Kerrie @ Family Food and Travel
Great post! Love everything you are saying about the importance of relationships and searching for the right people.
It reay is a relationship. No way around it. If you have no relationship the outreach suffers.
Yes, we need to educate the masses in how to work with us!
thanks for this,
Thank you Mitch! You get it and have been really transparent about what works from the start. You are a blogger doing blogging well with authenticity and a great voice. I understand why many outreach campaigns would reach out to you.
I really like the way you spelled things out for bloggers, too. It’s important for me to remember that writing on my blog is my choice — how I come across is important. I often turn down opportunities if I don’t think they’re the right fit for my style or audience. Thanks for validating my gut feeling!
I have found my best jobs by saying NO!
What a nice post. Great tips!
Good read. I have learned from this article. Thx.
Good read. I have learned from this article. Thank you
Good read. I have learned from this article. Thx.
Wow, Paula! This is such a great post. I’m bookmarking! Great tips and these are things many of us need to be aware of 🙂
Paula, what a well thought out article! The Marketing department needs to budget in blogger outreach in a MONETARY sense, instead of in free product. I work hard and need to be compensated for my time. What’s there not to get?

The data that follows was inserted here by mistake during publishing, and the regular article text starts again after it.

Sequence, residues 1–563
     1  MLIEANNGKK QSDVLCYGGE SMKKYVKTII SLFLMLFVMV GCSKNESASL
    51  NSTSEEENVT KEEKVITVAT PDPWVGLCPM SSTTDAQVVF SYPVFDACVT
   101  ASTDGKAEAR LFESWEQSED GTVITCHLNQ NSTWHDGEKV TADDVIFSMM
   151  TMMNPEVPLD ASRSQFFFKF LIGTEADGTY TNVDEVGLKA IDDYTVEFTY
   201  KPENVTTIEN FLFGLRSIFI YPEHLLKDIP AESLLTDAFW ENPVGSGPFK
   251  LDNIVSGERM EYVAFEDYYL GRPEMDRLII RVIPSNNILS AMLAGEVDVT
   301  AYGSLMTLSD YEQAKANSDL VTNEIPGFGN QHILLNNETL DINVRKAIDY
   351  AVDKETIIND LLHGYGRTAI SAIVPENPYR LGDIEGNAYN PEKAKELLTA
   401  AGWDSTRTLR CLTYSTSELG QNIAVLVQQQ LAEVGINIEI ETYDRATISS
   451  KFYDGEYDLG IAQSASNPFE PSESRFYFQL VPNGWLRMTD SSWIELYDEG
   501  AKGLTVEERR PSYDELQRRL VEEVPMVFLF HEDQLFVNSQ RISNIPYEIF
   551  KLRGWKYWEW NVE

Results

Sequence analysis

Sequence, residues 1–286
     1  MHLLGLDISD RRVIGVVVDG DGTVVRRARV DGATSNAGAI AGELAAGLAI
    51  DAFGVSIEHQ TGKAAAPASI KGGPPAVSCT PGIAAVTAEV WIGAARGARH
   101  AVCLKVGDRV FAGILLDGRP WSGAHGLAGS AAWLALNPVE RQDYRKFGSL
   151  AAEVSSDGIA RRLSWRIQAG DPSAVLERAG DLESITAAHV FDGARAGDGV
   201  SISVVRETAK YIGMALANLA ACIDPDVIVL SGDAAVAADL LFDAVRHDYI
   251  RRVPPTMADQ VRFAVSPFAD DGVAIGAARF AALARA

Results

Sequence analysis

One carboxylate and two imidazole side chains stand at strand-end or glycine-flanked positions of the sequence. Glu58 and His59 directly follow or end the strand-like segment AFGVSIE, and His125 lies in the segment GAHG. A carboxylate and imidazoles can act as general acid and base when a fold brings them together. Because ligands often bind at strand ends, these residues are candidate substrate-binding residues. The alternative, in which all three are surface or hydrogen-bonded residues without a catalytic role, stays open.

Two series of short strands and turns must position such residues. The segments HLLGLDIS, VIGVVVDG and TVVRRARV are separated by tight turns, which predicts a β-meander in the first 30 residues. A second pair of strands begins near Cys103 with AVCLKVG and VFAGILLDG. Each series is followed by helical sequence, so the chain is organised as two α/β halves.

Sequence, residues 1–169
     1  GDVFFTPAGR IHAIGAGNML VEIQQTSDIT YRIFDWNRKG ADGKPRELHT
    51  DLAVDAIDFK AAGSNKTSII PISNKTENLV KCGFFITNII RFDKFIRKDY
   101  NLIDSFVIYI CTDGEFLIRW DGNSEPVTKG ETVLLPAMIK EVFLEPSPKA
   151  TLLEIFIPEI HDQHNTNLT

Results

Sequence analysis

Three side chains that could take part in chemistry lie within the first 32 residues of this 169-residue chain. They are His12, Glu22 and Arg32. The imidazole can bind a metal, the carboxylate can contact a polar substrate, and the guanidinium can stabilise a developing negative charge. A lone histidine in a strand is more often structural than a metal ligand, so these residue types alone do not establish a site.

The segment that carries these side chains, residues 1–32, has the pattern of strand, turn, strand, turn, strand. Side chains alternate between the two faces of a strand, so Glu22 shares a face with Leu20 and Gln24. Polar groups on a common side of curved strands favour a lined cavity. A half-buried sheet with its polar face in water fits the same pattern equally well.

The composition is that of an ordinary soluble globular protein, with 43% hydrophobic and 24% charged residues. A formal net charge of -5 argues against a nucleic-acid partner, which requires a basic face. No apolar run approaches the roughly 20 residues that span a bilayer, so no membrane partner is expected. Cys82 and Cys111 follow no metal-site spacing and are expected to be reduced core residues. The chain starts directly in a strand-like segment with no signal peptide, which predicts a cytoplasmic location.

Thanks Paula, so true on so many levels. I love when fellow bloggers run a program because they know ho wit works and have an appreciation for us. Many brands/reps get it, yet so many still need to learn. I think respect and education is important for all involved and hopefully we will see more growth
OH this is a fantastic article! I get so frustrated especially when campaigns are given to those with high twitter followers when there is so much more to a blogger than this one social media stream. Sometimes I wonder if PR agencies even look at the blog they are working with. A blog is the WHOLE picture…it’s about the relationships and community that interacts on the blog, facebook, instagram and twitter.
Excellent post Paula.
I couldn’t agree more with Kim’s comment ^. Sharing 🙂
Loved the article my dear… and you hit it out of the park with this article. I can think of a few people that need to read it.
Thank you for this Paula. This is very well stated. I like to think some people are interested in quality content and good writing! Let’s hope! 🙂
Journeys of The Zoo
I am pleased to see that people (a.k.a. you) who are in the business of creating relationships know that influence is much more then just about the numbers. It is about influence, authenticity and personality to name a few.
I will be watching your campaigns closely and when one is a good fit, I’d love to work with you. Maybe if I ask nicely?
Besos, Sarah Blogger at Journeys of The Zoo
Great tips!! I think its important to know who you are working with. I don’t have huge numbers of followers but I know I run an honest/fun blog. I’ve working with great people so they must be paying attention to what I do!
Nice post, Paula. It’s certainly obvious that you’ve sat on both sides of the fence. “Blogging is a valuable marketing tool. Don’t undervalue it”. Let’s keep educating the PR masses …
I think I’ll just send this link out from now on when I get a bad pitch. Great post Paula.
The Modern Mom
Thank you Paula! Great to hear both sides of the story 🙂
I agree that some PR companies need to be educated at the amount of time and effort we put into these posts. So I agree with most of what you say.
… and this is why I love working with you! You nailed it GF…